Archive for February, 2007

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February 24, 2007

Brilliant, just what I need. A rather habit-forming, Flash based online card game in the tradition of Magic the Gathering and other “role playing card games” (which I have never actually played but I know how they work in theory).

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February 23, 2007

This is a research moan. It is mine and belongs to me.

I am revising my three data chapters — three out of the four central chapters of the thesis, as a matter of fact — to be able to send them to my supervisor, get her approval and then be able to send them to the seminar participants by Monday at the latest. (The seminar is on the 7th, but if people are to read three chapters they do need to get more than a week cos some of them also have other things to do. Weird, I know, but there you have it.) And the chapters are essentially complete and finished, but when I am going through the email chapter one final time I start thinking things such as “Can I use the word genre here?” and spend half an hour looking up everything I can on genre research, and read things like this paper and realise that I don’t really know enough to know whether I can use the term or not. Except in a lot of papers, people seem to be using the term without analysing it in minute detail. I have read Swales on genres at some point, but it is all so very far away in my mind right now.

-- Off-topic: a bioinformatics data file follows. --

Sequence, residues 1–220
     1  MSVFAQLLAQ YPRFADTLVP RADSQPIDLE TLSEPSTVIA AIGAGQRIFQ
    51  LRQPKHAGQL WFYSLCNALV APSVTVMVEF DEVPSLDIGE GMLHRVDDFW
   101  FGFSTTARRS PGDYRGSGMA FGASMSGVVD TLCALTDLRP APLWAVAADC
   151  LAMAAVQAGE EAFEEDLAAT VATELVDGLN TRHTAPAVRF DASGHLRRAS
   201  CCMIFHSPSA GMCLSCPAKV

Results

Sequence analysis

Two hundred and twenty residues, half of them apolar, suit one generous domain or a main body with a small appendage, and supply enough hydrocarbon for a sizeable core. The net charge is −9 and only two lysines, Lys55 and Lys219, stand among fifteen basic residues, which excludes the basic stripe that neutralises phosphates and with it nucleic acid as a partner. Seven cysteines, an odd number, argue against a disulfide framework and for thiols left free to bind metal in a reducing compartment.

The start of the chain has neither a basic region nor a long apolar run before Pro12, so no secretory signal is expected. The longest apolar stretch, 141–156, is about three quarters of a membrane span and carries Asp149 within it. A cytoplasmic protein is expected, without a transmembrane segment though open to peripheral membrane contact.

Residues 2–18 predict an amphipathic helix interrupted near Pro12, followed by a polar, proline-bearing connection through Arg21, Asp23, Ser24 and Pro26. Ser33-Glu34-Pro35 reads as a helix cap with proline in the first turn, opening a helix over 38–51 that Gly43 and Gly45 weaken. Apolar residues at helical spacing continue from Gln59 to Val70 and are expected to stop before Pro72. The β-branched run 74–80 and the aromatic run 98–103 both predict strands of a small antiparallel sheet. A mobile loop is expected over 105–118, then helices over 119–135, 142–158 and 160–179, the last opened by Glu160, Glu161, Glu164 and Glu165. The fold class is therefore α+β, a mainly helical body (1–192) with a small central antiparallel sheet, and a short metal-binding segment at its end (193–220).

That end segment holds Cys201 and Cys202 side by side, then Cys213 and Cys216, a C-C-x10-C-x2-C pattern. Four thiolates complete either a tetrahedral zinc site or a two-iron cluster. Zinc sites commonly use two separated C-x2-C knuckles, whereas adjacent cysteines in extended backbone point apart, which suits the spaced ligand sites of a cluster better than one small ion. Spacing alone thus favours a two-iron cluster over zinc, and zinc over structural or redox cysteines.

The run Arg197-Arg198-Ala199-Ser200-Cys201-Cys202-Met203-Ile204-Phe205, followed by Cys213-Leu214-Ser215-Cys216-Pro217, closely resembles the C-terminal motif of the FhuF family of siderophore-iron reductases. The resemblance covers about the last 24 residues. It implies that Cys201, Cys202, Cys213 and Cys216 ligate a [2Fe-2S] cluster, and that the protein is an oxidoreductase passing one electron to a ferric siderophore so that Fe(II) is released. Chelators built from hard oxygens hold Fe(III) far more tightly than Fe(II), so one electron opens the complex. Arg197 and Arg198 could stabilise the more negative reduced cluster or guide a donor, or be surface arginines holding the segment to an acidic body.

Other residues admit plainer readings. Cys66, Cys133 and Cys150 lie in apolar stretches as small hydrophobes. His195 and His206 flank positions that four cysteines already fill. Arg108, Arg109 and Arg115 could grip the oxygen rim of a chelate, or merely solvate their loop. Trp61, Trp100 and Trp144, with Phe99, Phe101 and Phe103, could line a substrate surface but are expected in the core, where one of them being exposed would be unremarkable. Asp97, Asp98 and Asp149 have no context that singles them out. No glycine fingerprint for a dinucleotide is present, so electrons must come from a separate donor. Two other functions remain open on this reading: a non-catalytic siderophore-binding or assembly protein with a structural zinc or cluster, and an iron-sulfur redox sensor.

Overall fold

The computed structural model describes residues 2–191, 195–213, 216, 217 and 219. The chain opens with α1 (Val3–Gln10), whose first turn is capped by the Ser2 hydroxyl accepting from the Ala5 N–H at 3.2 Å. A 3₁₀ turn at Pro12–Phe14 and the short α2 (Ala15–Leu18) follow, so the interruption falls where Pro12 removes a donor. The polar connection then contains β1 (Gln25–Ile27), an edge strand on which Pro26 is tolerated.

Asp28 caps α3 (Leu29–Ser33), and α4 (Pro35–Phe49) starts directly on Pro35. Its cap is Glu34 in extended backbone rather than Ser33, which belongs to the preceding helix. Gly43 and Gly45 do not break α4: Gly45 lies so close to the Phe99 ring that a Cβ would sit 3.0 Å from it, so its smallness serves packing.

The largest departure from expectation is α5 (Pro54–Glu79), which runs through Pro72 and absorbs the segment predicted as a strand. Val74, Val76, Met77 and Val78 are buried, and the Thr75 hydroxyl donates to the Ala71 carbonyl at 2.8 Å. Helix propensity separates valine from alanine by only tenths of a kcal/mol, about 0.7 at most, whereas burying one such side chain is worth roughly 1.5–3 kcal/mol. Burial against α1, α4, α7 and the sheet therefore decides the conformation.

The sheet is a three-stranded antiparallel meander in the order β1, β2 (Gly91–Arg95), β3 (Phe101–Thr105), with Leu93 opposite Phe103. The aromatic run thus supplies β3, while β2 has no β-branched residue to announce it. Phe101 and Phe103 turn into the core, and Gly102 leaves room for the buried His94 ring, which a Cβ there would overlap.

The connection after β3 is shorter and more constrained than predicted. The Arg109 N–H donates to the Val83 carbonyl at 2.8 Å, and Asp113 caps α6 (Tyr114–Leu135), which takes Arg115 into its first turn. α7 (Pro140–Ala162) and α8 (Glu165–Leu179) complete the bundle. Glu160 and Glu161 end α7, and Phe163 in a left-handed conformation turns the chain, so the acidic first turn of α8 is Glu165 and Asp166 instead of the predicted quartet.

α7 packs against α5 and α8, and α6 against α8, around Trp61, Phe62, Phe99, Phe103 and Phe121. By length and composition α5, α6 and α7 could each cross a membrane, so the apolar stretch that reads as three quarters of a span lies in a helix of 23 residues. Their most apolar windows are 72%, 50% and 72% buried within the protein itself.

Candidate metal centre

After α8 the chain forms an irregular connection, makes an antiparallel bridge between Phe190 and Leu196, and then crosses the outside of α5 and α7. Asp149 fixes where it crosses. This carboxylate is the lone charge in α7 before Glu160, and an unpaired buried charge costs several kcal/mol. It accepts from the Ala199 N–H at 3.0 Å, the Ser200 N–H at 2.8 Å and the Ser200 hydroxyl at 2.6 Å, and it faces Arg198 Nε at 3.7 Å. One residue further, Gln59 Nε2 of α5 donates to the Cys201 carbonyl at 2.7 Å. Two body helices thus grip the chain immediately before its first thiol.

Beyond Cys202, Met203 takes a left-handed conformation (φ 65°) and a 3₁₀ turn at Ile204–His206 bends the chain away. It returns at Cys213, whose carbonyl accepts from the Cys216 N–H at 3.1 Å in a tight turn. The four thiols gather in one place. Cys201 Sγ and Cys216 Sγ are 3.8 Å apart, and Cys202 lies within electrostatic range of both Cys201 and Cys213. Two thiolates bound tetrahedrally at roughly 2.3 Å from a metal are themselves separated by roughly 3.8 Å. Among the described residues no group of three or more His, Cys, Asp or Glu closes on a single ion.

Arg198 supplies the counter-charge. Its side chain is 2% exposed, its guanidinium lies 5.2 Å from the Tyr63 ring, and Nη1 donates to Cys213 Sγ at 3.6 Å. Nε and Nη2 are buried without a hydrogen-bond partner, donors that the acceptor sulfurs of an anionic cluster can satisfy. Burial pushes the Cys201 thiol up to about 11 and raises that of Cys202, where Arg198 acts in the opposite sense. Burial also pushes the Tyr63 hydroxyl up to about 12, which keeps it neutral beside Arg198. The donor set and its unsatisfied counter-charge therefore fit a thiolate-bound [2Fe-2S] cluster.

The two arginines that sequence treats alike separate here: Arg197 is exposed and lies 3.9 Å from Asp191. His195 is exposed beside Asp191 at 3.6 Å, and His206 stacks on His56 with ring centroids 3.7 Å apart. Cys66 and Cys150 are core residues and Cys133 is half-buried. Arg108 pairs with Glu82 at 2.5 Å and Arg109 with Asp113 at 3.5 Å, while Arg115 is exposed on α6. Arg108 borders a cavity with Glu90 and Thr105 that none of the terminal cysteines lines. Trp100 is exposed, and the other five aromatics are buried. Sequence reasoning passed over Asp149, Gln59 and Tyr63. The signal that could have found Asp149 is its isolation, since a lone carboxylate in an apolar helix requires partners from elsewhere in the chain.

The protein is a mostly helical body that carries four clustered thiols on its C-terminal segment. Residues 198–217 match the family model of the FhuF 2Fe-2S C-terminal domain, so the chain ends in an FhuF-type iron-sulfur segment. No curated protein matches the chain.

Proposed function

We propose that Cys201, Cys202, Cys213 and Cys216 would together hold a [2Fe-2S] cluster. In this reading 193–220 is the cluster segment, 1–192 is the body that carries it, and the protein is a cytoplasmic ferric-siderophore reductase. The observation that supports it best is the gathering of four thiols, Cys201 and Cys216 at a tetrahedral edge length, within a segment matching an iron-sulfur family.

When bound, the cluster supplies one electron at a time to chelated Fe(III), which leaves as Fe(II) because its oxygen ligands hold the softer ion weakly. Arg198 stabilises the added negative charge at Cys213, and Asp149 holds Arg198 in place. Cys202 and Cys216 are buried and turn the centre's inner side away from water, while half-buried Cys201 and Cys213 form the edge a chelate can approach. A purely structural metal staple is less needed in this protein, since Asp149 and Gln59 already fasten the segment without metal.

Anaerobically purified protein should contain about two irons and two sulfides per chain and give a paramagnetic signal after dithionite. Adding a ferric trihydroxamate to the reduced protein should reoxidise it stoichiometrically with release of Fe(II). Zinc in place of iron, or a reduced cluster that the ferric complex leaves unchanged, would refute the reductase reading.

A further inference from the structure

And then there are gender-related issues. Which is something I have never been interested in but it would be plain bad research to just ignore them; I can get away without doing any gender analysis in the chat room chapter since it is impossible to know the genders of the participants for certain, but the weblogs and emails are another thing. And I don’t know anything about the differences between how men and women communicate or what the researchers say about it (except the very basic stuff from the general sociolinguistics course I took a couple of years ago), and I feel that I should take a month or three to actually get acquainted with that — but that is impossible of course.